Despite our collective impulse to snapshot every waking moment and share it on social media, we have yet to see everything. Luckily, we have artists who still have a thing or two to show us.
Consider James Welling and Richard Mosse, photographers who could not be more different. Since at least 2010, Mosse has been and tracking the wilful decimation of our planet by corporate profiteers and the displacement of refugees from war. Welling, a hardcore conceptualist, is more involved in the process of creating an image than documenting its subject. Yet both artists probe the limits of what a photographic image can represent by taking it beyond the visible world.
At the opening for Thought Objects, Welling’s tenth show with David Zwirner gallery, admirers scrutinised his photographs as if they had discovered a whole new medium. Or, as one sharp observer remarked, “It’s amazing to see pictures that no one else has taken.”
That was almost true. Many of us have seen photographs of calla lilies and of Modernist architecture such as Le Corbusier’s Villa Savoye. In Welling’s images, however, they register as vaguely familiar ruins that you can’t quite place, or echoes of an imaginary landscape. I was astonished to see that one work, Pier 24, was not of the startled, upside-down ghost ship that it seemed but of a riverside complex in Chelsea that I knew well.
"That picture inspired this whole series," says Welling, who has fully embraced digital printing tools to conjoin, distort and abstract images that appear to attain sculptural depth and the texture of painting. (He compares the process to dentistry.) In his photographs, Brutalist buildings look like hyperreal intrusions on an alien world. Pictures of flowers, saturated in unreal colour, take on the mystifications of spirit photography.
Bigger than language
Welling uses ultraviolet light to print on aluminium panels that jut from the wall, a technique that frees him from frames, reflective glass and hours in a darkroom. Richard Mosse also works with UV light—specifically to photograph flowers—but in the middle of the night.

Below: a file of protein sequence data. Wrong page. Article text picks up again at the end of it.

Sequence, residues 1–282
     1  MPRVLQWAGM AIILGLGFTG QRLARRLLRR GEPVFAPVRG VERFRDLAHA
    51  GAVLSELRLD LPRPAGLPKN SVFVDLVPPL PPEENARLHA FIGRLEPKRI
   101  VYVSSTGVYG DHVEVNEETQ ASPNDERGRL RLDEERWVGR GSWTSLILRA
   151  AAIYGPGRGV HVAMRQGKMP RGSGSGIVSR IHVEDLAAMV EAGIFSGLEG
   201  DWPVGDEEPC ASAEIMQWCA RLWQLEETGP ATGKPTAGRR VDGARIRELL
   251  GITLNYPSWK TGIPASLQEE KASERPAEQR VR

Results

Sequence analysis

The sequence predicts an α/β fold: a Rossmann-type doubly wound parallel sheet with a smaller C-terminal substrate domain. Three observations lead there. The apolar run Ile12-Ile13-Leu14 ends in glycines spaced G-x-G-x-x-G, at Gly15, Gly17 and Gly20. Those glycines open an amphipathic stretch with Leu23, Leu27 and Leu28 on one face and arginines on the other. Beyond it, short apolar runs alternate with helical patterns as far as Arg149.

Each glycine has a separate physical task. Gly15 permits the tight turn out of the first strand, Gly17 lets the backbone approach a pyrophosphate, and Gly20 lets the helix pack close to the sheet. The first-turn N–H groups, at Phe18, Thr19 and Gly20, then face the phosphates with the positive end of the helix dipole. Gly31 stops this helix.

That’s what the Irish-born New Yorker was doing in 2018 to “convalesce” from five shattering years of recording the consequential extraction of rare earth minerals by armed bandits in Congo and the migrant crisis in the Middle East. But Mosse could not quiet his internal alarm when Jair Bolsonaro became president of Brazil and accelerated the ecological and human disaster unfolding in the Amazon Basin. Massive areas now look like Hiroshima after the bomb. It’s shocking. But Mosse is an artist, not a muckraker in search of scandal. He went to the Amazon with a small crew determined to “represent the unrepresentable”. For him, that is global warming.
“I wanted to tell a story about climate change that is bigger than our language,” he says. It’s also too big for standard lenses. To make Broken Spectre, the magisterial and harrowing film that is inaugurating Jack Shainman Gallery’s new location in Tribeca, he packed three cameras, including a multispectral video device of his own design that replicates satellites used by scientists to keep up with changes to the environment. Together with an analogue and a UV microscopic camera, Mosse captured what the human eye cannot see on its own.
Global warming is not only poisoning the atmosphere and killing many species of animal, insect and plant in the rainforest but also spreading disease and causing immediate and irreparable harm to millions of displaced indigenous people. One of them, a woman wearing war paint and carrying a spear, directly addresses Mosse’s camera in a spontaneous rant against marauding criminals and a corrupt government that culminates in a gut-wrenching plea for help. It riveted the opening night audience.
It’s one thing to hear about incalculable destruction, another to experience it nearly at first hand. That is the effect of the film’s projection on a 60ft-long LED screen. Though it runs 74 minutes, no one left for a drink at the reception outside the room. People just kept coming in, and stayed, getting their minds blown and their eyes opened.
“The rain forest is an almost lawless place,” Mosse says. “But I’m interested in the cowboy culture of the Trans-Amazon Highway and this libertarian, evangelical spirit of capitalism that humans adopt to dominate and exploit the wilderness they believe God has given them. It has parallels in Western movies, and I wanted to exploit that.”
• James Welling: Thought Objects, until 10 February, David Zwirner Gallery, 533 W 19th St, New York; Richard Mosse: Broken Spectre, until 16 March, Jack Shainman Gallery, 48 Lafayette St, New York